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Telos 175 (Summer 2016): Political Theory, Political Theology

Critical theory inherited the mission of philosophy to know the world and to pursue the good life. Careful examination should shed light on the cosmos and our place within it and contribute to a beneficial ordering of human concerns, when wisdom informs governance. Yet that aspiration to know the world encountered the limits of intelligibility, beyond which reason could not proceed. Meanwhile, the efforts to remake the world in the spirit of reason elicited processes of rationalization, as deleterious to the world around us, the natural environment, as to the world within us, the ongoing cultural crisis of modernity and its social corollaries. That is Horkheimer and Adorno’s dialectic of enlightenment at the foundation of the critical theoretical tradition that continues to provide a framework with which to articulate a critique of the contemporary in its many heterogeneous facets: the disruption of all forms of solidarity, the pressures on family structures, the erosion of educational opportunities, the growing gap between rich and poor. Add to this the ominous shifts in the international order, including the breakdown of state structures from North Africa through the Middle East, the strains on the European Union, and the return of a repressive semi-dictatorship in Russia, while—at this point in the presidential election season—the United States seems to be tumbling dangerously toward Weimar conditions.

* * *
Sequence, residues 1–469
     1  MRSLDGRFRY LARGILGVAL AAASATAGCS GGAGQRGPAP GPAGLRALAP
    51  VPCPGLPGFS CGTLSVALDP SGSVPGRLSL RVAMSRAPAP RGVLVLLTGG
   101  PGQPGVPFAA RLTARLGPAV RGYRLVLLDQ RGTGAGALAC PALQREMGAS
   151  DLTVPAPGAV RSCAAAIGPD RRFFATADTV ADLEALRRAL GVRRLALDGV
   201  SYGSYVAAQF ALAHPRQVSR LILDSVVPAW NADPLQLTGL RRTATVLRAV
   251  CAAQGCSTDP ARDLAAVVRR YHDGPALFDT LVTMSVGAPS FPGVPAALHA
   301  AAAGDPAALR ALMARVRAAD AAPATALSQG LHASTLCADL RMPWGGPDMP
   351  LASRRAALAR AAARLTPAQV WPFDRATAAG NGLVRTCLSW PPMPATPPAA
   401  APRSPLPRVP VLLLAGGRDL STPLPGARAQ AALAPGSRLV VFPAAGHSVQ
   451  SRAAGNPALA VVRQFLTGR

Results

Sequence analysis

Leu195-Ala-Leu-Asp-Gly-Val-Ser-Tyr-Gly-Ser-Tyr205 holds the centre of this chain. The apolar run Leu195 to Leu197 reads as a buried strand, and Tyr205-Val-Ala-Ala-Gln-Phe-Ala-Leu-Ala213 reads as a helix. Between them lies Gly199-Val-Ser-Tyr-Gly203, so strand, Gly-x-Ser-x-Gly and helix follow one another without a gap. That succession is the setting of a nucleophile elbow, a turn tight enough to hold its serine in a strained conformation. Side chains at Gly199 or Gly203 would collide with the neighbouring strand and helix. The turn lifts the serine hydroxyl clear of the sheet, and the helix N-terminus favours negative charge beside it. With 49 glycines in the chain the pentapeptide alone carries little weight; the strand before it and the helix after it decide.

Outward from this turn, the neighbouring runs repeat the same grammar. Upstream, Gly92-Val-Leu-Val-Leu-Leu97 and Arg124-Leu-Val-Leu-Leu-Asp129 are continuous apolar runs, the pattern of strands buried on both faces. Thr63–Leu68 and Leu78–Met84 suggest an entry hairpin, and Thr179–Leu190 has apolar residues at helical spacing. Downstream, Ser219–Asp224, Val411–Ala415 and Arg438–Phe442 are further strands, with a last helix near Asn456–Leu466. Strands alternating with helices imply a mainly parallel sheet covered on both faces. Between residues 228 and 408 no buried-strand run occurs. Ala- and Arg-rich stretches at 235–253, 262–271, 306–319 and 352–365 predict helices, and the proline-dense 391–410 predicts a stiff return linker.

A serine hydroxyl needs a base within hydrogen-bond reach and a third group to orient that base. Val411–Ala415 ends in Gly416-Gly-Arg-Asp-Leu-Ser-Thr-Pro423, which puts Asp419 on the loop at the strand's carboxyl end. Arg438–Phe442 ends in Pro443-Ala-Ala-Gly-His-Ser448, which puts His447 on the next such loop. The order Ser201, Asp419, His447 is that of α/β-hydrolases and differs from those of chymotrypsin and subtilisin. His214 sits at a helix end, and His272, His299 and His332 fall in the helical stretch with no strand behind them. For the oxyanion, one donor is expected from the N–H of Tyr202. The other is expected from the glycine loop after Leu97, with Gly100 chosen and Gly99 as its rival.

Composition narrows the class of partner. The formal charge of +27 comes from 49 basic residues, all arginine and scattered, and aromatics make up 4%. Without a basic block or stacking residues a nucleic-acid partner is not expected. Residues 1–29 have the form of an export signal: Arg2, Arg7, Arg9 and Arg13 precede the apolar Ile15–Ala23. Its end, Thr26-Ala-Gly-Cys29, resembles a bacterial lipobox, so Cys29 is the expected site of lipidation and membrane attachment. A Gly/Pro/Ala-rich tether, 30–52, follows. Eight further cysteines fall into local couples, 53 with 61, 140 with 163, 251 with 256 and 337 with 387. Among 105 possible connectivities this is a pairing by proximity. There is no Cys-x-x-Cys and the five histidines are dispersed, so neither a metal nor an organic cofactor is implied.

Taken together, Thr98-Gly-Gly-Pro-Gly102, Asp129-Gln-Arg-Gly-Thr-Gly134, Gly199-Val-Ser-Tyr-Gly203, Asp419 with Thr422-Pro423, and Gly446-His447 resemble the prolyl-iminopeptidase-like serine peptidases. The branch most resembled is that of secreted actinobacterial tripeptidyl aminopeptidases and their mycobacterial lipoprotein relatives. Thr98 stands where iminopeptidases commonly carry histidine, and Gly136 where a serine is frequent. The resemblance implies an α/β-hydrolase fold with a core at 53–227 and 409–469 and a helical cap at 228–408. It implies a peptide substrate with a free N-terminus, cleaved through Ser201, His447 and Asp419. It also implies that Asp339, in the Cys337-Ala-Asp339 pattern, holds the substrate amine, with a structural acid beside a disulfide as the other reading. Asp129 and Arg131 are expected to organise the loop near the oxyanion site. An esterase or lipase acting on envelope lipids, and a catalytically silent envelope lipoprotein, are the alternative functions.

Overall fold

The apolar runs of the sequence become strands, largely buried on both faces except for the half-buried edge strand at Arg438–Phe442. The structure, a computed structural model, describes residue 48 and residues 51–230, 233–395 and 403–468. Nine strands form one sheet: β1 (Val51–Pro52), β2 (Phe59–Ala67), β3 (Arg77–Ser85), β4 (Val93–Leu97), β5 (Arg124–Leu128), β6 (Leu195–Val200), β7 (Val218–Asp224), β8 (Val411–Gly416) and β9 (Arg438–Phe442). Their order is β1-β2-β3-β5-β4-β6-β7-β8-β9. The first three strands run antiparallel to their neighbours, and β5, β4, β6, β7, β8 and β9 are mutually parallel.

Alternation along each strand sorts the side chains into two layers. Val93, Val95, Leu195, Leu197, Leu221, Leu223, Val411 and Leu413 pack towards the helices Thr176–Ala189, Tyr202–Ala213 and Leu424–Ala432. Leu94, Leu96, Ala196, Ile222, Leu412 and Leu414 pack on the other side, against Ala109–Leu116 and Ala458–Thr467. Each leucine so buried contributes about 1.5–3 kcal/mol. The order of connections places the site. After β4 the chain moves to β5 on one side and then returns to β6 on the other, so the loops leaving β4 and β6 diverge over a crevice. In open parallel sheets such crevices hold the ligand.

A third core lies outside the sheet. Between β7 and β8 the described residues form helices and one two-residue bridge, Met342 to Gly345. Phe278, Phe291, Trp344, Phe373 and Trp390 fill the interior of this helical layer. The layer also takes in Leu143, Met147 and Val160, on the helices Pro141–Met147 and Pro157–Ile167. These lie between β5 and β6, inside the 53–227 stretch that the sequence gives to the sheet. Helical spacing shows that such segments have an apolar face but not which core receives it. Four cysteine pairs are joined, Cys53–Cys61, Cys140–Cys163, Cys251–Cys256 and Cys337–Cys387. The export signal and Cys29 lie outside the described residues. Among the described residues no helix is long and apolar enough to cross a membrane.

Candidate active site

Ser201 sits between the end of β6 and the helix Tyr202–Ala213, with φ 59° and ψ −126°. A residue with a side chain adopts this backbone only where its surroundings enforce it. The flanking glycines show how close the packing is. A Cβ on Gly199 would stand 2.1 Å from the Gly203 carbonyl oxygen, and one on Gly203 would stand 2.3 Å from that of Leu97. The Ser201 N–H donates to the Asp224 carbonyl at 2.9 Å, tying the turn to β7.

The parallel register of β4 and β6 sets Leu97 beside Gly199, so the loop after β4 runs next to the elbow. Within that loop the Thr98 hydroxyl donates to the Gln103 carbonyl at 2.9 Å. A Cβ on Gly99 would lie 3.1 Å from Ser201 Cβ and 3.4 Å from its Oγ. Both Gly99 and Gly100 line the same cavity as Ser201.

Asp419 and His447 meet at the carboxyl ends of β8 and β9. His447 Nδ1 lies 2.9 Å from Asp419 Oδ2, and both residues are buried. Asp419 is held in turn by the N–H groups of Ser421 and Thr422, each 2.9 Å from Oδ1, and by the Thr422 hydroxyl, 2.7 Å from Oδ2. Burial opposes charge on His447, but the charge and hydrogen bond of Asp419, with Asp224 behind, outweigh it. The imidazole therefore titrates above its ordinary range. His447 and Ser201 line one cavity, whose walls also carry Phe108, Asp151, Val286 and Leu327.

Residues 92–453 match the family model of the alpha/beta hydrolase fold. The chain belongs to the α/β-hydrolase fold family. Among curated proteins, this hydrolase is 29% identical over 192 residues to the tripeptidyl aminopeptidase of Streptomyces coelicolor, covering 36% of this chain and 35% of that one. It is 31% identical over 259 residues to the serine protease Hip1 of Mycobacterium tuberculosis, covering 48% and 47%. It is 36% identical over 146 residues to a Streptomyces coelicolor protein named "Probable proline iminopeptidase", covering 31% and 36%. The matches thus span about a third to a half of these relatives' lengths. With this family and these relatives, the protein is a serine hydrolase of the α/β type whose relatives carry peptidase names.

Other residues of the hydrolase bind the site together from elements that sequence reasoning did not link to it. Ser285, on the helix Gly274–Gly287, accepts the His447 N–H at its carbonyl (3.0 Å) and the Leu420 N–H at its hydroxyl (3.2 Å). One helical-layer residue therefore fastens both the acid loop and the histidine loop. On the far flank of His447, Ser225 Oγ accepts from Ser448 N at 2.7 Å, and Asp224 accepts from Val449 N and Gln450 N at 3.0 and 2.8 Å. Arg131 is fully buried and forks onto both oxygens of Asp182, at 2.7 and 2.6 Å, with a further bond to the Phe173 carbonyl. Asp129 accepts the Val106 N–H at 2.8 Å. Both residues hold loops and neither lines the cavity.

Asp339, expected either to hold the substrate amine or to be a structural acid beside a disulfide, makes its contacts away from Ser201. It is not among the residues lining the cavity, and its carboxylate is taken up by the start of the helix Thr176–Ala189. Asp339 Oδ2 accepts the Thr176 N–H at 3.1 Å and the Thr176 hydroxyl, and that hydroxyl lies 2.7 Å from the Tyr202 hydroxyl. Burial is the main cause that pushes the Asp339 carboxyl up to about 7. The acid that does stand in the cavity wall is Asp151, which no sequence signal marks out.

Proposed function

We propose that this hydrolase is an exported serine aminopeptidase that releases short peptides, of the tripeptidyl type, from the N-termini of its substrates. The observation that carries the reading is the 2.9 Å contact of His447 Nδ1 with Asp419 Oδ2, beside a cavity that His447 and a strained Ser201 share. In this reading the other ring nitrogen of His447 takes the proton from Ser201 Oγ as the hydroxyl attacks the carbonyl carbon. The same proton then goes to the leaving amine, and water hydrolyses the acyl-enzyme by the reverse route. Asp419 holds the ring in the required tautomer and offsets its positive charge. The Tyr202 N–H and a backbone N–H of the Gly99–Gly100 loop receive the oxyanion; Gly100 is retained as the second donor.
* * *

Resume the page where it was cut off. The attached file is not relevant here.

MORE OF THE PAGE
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Reading Schmitt contra Schmitt